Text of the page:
He wrote and directed the animated feature film The Man From Button Willow (1965). Bounds is credited as the producer on the film and with writing the lyrics for the songs (as "Phil" Bounds) with composer George Bruns. She also claimed she contributed to the writing, but is uncredited in that capacity in the final credits. They were divorced shortly after the film was released.

Disney Legends Marc and Alice Davis introduced the 49-year-old Phyllis to the nearly 60-year-old Disney Legend Milt Kahl in 1967. They dated for a year and married on February 14, 1968. They were married for about nine years and 10 months and got officially divorced on January 31, 1978. Phyllis died roughly five years later.

By this time, Bounds was well financially well off and owned two buildings on the corner of Melrose Place. One was rented to the upscale Le Restaurant and the other was the Bounds Gallery which sold posters and graphics by modern artists like Picasso while there was living quarters for her in the back.

The newlyweds lived in a penthouse in Century City, which Bounds decorated with a $200,000 set of furniture from a French chateau. The other half of the penthouse floor was the residence of actor David Janssen and his girlfriend who played rock and roll music so loud that the Kahls were constantly screaming at them and pounding on the walls.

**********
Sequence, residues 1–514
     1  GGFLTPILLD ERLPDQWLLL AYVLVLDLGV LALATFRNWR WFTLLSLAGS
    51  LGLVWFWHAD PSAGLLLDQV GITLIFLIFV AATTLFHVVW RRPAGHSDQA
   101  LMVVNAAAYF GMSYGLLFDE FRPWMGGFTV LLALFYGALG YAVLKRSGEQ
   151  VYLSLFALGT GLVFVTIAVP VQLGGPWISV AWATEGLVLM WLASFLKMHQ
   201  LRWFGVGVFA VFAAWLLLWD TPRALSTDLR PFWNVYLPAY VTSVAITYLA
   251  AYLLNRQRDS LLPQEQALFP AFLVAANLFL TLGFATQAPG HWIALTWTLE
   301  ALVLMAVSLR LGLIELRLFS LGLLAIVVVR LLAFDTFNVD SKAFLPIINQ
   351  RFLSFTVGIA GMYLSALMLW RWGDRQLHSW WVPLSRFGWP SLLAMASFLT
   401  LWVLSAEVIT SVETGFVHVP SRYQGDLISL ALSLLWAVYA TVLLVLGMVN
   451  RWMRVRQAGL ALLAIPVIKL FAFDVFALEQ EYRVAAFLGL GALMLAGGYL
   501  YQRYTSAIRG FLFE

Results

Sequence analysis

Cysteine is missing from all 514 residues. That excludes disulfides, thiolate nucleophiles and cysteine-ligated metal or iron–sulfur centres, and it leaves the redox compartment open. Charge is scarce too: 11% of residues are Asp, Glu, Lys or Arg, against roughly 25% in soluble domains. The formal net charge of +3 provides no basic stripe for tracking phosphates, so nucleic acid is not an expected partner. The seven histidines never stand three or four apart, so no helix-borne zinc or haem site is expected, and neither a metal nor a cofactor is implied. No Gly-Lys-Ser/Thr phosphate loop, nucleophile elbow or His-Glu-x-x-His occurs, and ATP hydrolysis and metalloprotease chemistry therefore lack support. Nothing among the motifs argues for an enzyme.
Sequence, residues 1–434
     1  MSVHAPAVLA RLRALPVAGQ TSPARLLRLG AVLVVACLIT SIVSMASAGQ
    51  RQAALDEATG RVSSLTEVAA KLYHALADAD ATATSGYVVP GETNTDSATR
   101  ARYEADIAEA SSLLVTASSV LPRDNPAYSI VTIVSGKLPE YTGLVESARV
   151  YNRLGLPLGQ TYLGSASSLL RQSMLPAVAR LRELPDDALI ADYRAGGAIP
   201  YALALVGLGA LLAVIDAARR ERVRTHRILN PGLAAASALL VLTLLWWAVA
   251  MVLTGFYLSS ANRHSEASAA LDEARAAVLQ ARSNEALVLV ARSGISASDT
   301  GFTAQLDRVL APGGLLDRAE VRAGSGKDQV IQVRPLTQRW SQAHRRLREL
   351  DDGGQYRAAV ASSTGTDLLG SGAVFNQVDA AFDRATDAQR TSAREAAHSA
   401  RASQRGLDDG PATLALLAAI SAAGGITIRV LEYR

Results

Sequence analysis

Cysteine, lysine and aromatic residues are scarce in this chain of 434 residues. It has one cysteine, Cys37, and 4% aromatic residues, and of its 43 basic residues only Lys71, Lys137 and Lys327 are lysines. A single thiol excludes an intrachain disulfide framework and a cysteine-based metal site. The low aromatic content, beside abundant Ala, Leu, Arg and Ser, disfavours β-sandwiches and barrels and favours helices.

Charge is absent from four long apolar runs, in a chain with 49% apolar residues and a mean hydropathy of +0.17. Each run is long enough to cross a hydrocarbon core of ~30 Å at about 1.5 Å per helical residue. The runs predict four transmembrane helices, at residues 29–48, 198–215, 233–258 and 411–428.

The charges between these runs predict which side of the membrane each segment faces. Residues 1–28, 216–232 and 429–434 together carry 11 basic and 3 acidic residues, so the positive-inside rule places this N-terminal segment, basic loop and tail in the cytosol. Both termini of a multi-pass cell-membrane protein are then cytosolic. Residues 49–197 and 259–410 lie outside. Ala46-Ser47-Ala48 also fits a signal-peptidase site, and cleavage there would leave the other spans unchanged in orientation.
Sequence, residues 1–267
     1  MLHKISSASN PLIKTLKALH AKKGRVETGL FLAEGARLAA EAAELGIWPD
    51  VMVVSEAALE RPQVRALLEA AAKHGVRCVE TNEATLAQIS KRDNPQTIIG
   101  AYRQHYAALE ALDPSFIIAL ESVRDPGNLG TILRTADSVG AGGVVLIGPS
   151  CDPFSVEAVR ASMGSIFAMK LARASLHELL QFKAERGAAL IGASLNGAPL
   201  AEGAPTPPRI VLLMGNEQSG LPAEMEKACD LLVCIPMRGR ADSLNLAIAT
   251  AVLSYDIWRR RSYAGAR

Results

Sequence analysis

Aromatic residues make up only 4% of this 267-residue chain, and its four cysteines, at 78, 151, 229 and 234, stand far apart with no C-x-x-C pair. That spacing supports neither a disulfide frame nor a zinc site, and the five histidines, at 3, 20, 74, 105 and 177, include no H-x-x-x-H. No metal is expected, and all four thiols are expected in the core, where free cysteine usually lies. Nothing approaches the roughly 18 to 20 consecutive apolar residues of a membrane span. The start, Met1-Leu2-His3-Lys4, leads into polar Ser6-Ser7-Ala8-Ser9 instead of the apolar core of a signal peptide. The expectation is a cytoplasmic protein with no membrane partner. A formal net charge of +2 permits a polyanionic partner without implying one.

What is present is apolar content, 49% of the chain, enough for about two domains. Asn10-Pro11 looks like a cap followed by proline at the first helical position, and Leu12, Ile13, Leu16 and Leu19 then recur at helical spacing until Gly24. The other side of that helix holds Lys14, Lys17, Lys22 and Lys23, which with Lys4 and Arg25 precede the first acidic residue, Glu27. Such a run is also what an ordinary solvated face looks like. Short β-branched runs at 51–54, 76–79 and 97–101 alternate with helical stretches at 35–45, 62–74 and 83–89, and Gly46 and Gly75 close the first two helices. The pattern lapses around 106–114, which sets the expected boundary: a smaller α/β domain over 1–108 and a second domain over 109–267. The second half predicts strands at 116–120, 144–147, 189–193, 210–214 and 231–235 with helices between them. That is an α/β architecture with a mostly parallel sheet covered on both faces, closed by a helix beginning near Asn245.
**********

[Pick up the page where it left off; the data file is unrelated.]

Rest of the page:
Bounds introduced Kahl to the art of Picasso, Chagall, and Henry Moore. She made him more conscious about his physical appearance, especially how he dressed and helped him pick out clothes. They traveled frequently to Europe.

However, Kahl had a cruel, fiery temper and was highly competitive. When Bounds took up tap dancing and piano, he took them up as well and worked hard to be better than she was. Bounds was a strong woman, but got tired of being his wife especially when he became critical of her drinking.

Animator and director Richard Williams recalled, "She talked like a producer and tucked the alcohol away."

It was not as amicable a parting as some believed with animator Kahl later claiming that his favorite character to animate was the villainous Madame Medusa in The Rescuers (1977) because he based much of her flamboyance and "aging sexpot attitude" on his ex-wife. He ended up doing almost all the animation for the character himself.

Animator Jane Baer, who knew Milt and Phyllis told historian John Canemaker, "Phyllis wore boots. Medusa wore the same boots. In that scene where (Medusa's) pulling off the eyelashes, I said, 'That's Phyllis!' You just knew."

Bounds was living in a mansion in Pacific Heights in San Francisco at the time she died in 1983.